In order to describe the concepts involved in open data in a consistent manner, we have defined a series of terms in the table below, which summarises our understanding of some of the most common terms used  to  describe  the  open  data  landscape.  The  terminology  is  aligned  with  DCAT-AP  (DCAT Application profile for European data portals) and the metadata standards applied in When defining those terms, we have also referred to the existing terminologies related to open data, such as glossary, open data handbook  and W3C Linked Data Glossary, and make sure that our definitions do not conflict with theirs. In the Table, we also identify some synonyms and they could be used interchangeably in some circumstances, such as open data catalogue, repository, portal and platform.


Terms Definition Synonym
Open data “A piece of data is open if anyone is free to use, reuse, and redistribute it – subject only, at most, to the requirement to attribute and/or share-alike”(Open Data Handbook).
Stakeholder “any group or individual who can affect or is affected by the achievement of the organisation’s objectives” (Freeman, 1984)
Open data repository An online data storage/hosting service but with no discovery mechanism. This could be as simple as a Web server hosting static files from a single folder, with no additional index or categorisation, except perhaps a ‘landing page’ for each data set. Open data catalogue, data hub
Open data catalogue A curated collection of metadata about data sets. Compared with “open data repository”, “open data catalogue” focuses on the organisation of data sets, while “open data repository” refers to the actual data storage. The catalogue would typically be agnostic regarding where the data itself is located: (1) it may all be published on the same Web server as the catalogue, i.e. the catalogue contains a data repository, or (2) may be distributed across the Web, with the catalogue simply pointing to those remote locations, in which case the catalogue is also referred to as a “data aggregator” or “data indexer”. Open data portal, data hub, open data repository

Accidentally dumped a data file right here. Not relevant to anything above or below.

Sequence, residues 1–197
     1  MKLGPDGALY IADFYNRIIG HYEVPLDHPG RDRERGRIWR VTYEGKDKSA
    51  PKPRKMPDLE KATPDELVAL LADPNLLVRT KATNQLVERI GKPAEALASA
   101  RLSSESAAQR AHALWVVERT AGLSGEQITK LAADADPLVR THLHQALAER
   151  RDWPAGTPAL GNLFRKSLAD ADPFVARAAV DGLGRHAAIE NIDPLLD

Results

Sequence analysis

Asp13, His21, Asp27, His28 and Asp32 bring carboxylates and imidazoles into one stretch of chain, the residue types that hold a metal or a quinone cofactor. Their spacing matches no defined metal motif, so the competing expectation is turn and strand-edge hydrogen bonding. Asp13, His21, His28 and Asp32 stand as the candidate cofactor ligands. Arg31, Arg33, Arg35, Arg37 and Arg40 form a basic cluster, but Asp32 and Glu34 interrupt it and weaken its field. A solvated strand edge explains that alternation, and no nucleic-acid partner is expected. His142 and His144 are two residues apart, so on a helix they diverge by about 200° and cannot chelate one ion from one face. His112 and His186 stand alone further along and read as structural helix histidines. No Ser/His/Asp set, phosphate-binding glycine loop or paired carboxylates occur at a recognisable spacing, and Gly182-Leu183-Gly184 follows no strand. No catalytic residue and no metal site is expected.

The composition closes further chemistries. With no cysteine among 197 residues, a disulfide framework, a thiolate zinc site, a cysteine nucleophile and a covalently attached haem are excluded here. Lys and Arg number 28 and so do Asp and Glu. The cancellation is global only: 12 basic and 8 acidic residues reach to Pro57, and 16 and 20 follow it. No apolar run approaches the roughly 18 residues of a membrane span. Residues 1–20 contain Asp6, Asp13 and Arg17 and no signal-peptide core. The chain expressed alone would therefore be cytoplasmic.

Open data portal Often used synonymously with open data catalogue, but may provide more advanced discovery functionality to complement conventional browse-style catalogue interfaces.For example, there may be text search over the metadata describing the data sets, or the ability to preview/explore the data itself. Distinctions between open data portals and catalogues, and between open data portals and platforms should be considered fuzzy. Open data catalogue, data hub, open data platform
Open data platform A piece of software that has implemented the core features to manage open data. Those features include, but are not limited to, user management, data publishing, metadata management, data set storage, access control, search and visualisation, etc. Open data portal, open data portal software
Group Groups are used to create and manage collections of data sets with some common features. Collection, category
Data set A conceptual entity that “represents a collection of data, published or curated by a single agent, and available for access or download in one or more formats” (W3C). A data set is usually hosted in an open data repository and can belong to one or more groups. Package (in CKAN)
Distribution A distribution of a certain data set “represents a specific available form of that data set. Each data set might be available in different forms, and these forms might represent different formats of the data set or different endpoints. Examples of distributions include a downloadable CSV file, an API or RSS feed”(W3C). Resource (in CKAN)
Metadata The metadata of a data set is a collection of data that describes the data set and provides more information about the data set, such as title, tags, license, maintainer, etc. The metadata can be provided in different format, such as JSON, XML and RDF.

References can be found here: OpenDataMonitor Project – Shared References